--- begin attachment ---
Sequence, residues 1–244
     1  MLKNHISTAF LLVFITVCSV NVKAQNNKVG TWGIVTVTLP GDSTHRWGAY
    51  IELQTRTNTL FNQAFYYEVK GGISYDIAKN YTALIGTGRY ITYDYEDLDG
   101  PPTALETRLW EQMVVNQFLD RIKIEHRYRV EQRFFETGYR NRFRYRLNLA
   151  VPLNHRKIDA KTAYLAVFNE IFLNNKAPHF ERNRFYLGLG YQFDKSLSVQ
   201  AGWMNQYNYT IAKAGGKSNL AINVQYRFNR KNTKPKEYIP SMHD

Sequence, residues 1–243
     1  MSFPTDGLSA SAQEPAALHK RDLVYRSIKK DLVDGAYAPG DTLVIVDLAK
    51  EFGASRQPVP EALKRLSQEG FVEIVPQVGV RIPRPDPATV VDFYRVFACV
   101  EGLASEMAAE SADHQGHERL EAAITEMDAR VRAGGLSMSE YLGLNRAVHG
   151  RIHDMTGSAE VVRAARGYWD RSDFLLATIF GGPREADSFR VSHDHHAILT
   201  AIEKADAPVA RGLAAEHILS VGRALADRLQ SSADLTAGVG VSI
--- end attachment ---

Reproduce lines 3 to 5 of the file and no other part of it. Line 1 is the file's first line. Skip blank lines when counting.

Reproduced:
    51  IELQTRTNTL FNQAFYYEVK GGISYDIAKN YTALIGTGRY ITYDYEDLDG
   101  PPTALETRLW EQMVVNQFLD RIKIEHRYRV EQRFFETGYR NRFRYRLNLA
   151  VPLNHRKIDA KTAYLAVFNE IFLNNKAPHF ERNRFYLGLG YQFDKSLSVQ